This was a surreal moment. The lone ultra-leftist, who does not support the Labour Party, was joining me to criticise an ill-advised attempt to limit debate which can only harm our relationship with the Labour Party, whilst those ostensibly in support of our relationship with the Labour Party were backing a decision which places that relationship in jeopardy!
So the relevant Committee of the NEC has spoken. UNISON’s membership as a whole may not disuss the Labour leadership. That is to be left to the Labour Link.
Well, this would be the same Labour Link that has just omitted a picture of the only declared candidate for Labour Leader from a “rogues gallery” of other contenders for Leader and Deputy Leader?
Yes. It would. UNISON Labour Link is one of the least effective and useful parts of our trade union. It is an embarrassment to those of us who are serious about defending and developing the vital link between trade unions and the Labour Party.
I look forward to hearing justifications from Labour Link Committee members, both Regionally and nationally, about why we should support Gordon Brown – since that appears to be their position. Not a single member of the National Labour Link Committee of UNISON has yet expressed a clear opinion to me on this subject however.
I suppose I can see why there might be an interest in avoiding debate…
Tuesday, January 30, 2007
I'll report here - and to branches in London - on the discussion as soon as I can. Some good ideas are emerging (allowing branches to be represented in more than one Region or Service Group, reviewing cross service group working to ensure accountability etc.) Other ideas, including a revised scheme for branches, a review of all resources (including branch funding) and annual reviews of branch organisation by Regions could be positive, but could also have the potential to create difficulties.
Watch this space...
The TGWU describe the settlement as a significant improvement. Whilst the pay settlement only just outstrips inflation it’s a lot more than we can expect to be offered in local government. The offer in respect of sickness absence management is difficult to assess from the outside – as anyone who has ever negotiated sickness procedures, or represented union members within them, knows that it is in the detailed implementation of such procedures on the ground that the scope for bullying arises. The employers seem to have got what they wanted on pensions and the share price rise suggests that investors are happy with the deal.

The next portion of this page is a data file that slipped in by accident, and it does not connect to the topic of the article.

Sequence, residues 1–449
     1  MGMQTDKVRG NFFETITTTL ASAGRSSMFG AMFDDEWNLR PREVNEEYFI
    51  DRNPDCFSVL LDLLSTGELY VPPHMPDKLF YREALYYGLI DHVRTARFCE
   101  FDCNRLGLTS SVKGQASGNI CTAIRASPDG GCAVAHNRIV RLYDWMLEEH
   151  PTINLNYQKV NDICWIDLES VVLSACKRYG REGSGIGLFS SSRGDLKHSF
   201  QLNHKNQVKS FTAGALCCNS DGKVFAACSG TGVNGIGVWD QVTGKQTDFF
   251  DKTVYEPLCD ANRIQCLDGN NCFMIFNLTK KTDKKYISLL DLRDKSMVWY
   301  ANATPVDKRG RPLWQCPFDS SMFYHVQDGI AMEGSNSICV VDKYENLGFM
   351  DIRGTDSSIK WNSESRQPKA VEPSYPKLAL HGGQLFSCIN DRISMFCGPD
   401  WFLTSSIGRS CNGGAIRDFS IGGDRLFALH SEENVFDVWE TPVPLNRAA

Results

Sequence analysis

I see that there are various theories swirling around the web about why the strike was settled – if someone can point me to a site where rank and file TGWU members give their views I would be interested.
In the mean time, there doesn’t seem much hope of an early settlement for our comrades in PCS who strike tomorrow. All trade unionists have to hope that our brothers and sisters in the civil service can make gains in their struggle against a New Labour Government which rarely rests from attacking their jobs – driven by a Chancellor of the Exchequer whom some union leaders seem to think would make a good Prime Minister!
I am glad to see PCS organising a series of rallies and demonstrations to maximise the public impact of their strike – I hope some others in the movement get the message that this is a good idea!
If we are going to get a good deal on the Local Government Pension Scheme we'll need energetic strike action - with the side effect that other General Secretaries will get on the front page of the FT and I'll have to buy it again...
Monday, January 29, 2007
I must stop working so late.
I must have dropped off.
I had an awful dream in which I was a member of a trade union in which the unelected officials told the elected and accountable activists that they ought not to meet to discuss an important dispute - in the name of guidelines on Democracy!
In that dream world I also heard that there had been no effective lay oversight of the crucial leaflet issued to all members about proposals for the future of the Pension Scheme.
What a good job I am a member of a lay led trade union where such things could never happen.
"I am writing to you because, as one of your members of the National Executive Council (NEC) I sit on our Regional Committee, of which I have been a member for a number of years. I apologise in advance for the length of this message – but I hope you will agree that it deals with an important matter.